Concept

Hans Vogel (scientist)

Summary
Hans Vogel (20 January 1900 – 5 April 1980) was a German scientist known for his work in helminthology (study of parasitic worms). For much of his career he was associated with the Bernhard Nocht Institute for Tropical Medicine in Hamburg. In the 1930s Vogel described the developmental cycle of Opisthorchis felineus, a trematode known to affect the liver in humans and other mammals. Later in his career he published an article describing the life cycle and aetiology of Echinococcus multilocularis. He is also credited for demonstrating that macaque monkeys can be immunized against Schistosoma japonicum, a parasite that is the cause of Far Eastern schistosomiasis. From 1963 to 1968, Vogel was director of the Bernhard Nocht Institute. The tapeworm species Echinococcus vogeli is named after him. Published works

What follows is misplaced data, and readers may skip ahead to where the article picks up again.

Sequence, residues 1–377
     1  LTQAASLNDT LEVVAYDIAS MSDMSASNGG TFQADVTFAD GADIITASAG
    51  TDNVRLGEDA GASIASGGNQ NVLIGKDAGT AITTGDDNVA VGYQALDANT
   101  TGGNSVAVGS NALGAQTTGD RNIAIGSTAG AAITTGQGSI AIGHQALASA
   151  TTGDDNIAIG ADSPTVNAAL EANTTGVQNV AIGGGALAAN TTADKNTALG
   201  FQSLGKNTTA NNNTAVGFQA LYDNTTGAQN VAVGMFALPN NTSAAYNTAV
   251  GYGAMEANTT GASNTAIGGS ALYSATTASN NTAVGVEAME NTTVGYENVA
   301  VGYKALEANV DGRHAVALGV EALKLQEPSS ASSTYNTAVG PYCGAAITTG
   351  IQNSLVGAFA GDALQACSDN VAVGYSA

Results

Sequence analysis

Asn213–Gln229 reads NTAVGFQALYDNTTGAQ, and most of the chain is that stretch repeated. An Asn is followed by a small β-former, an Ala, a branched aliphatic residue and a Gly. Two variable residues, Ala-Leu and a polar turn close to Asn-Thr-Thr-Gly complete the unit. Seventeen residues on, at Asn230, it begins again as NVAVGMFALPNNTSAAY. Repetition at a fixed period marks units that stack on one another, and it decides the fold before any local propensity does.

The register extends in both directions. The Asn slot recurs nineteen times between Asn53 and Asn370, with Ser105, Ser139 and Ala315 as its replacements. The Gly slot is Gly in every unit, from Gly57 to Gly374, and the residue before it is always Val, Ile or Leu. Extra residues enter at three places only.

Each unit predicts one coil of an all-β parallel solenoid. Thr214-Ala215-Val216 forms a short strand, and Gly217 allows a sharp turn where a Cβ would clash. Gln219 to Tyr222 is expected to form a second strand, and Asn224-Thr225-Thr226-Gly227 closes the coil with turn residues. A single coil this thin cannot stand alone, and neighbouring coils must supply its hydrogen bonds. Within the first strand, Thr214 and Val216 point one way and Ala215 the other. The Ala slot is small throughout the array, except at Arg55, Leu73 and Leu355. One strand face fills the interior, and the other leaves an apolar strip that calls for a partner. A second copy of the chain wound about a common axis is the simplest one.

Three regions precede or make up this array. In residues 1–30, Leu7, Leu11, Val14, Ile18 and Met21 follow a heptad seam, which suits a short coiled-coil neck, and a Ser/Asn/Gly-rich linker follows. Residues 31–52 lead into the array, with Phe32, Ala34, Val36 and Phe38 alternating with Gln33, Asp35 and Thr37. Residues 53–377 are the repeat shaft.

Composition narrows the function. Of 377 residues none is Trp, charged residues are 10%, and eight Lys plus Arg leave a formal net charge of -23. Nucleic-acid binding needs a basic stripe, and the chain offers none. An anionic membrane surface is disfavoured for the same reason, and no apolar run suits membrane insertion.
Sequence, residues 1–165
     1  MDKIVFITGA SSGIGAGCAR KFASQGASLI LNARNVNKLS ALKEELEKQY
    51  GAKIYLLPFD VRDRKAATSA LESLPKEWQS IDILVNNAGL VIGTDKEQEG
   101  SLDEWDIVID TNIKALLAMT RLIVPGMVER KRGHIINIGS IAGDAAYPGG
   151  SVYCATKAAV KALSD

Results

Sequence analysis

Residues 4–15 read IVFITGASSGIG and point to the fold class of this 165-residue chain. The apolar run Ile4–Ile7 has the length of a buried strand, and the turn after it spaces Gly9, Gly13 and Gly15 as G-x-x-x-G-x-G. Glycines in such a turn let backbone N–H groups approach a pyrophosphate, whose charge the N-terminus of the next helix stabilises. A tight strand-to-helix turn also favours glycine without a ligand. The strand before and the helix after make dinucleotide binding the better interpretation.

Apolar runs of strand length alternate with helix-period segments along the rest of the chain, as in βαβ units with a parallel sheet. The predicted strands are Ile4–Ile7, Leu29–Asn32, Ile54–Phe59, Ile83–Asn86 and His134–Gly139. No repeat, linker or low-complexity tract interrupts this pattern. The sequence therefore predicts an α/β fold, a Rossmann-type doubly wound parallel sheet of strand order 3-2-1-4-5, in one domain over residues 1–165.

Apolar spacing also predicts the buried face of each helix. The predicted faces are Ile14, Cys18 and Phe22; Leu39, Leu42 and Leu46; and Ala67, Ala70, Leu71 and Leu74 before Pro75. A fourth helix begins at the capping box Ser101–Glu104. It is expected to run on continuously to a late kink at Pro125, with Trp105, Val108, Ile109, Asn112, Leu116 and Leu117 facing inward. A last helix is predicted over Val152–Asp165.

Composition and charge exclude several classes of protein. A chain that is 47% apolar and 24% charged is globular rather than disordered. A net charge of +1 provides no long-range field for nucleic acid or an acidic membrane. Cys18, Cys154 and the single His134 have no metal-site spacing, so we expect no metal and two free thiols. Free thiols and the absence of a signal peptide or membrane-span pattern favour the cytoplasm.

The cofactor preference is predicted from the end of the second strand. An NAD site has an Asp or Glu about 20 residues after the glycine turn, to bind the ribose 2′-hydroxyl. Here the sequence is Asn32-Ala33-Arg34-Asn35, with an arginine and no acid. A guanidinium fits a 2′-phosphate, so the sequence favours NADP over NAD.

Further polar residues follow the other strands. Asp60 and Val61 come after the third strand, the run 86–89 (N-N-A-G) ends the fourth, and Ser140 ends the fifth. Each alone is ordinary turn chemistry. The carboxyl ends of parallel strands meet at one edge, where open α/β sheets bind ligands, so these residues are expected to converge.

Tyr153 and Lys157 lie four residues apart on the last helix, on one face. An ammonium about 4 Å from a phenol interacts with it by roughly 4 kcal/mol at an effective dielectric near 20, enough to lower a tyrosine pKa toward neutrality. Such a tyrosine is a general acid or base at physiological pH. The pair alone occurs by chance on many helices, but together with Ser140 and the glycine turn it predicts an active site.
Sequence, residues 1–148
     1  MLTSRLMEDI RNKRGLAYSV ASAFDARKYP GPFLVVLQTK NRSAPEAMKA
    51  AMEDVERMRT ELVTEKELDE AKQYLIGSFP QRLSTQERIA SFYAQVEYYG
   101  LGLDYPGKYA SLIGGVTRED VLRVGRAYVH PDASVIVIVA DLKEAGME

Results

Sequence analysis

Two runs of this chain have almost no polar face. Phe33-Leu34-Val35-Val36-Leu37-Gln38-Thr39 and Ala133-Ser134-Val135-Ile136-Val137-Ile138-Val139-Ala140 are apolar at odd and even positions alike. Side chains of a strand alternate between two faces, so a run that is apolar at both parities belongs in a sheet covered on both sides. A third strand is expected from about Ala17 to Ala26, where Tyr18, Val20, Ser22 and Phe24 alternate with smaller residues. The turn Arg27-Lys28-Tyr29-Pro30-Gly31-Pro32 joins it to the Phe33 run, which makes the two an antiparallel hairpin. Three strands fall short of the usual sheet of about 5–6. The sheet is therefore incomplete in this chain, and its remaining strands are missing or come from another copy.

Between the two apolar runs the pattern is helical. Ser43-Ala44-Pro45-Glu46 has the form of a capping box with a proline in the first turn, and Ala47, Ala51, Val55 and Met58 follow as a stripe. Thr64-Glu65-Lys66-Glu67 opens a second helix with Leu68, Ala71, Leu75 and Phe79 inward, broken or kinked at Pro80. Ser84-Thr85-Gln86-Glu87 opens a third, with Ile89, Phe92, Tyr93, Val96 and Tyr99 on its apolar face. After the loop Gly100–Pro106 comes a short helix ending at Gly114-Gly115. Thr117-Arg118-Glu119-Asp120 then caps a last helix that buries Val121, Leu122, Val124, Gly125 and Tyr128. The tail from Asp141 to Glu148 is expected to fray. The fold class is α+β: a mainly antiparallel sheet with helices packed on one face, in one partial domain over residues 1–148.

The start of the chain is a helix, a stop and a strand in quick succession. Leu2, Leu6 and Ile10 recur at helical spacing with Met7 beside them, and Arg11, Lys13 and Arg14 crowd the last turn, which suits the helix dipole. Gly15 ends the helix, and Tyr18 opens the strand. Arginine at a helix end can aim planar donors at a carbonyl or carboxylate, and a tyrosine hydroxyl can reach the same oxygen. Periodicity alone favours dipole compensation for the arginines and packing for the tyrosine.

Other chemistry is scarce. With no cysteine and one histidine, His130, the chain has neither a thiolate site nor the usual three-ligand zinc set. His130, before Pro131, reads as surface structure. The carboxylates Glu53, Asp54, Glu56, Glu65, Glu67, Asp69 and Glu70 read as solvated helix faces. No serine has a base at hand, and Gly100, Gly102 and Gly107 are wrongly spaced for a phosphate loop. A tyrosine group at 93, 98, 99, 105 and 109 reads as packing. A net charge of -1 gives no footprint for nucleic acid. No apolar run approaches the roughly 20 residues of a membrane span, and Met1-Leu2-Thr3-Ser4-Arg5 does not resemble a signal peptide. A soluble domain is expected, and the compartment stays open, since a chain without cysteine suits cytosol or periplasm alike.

• Vogel H 1934. "Der Entwicklungszyklus von Opistorchis felineus." Far East Assoc Trop Med Nanking 1: 619–624.
  • Vogel H, Minning W 1953. "Über die erworbene Resist
About this result
This page is automatically generated and may contain information that is not correct, complete, up-to-date, or relevant to your search query. The same applies to every other page on this website. Please make sure to verify the information with EPFL's official sources.
Related publications

Loading

Related people

Loading

Related units

Loading

Related concepts

Loading

Related courses

Loading

Related lectures

Loading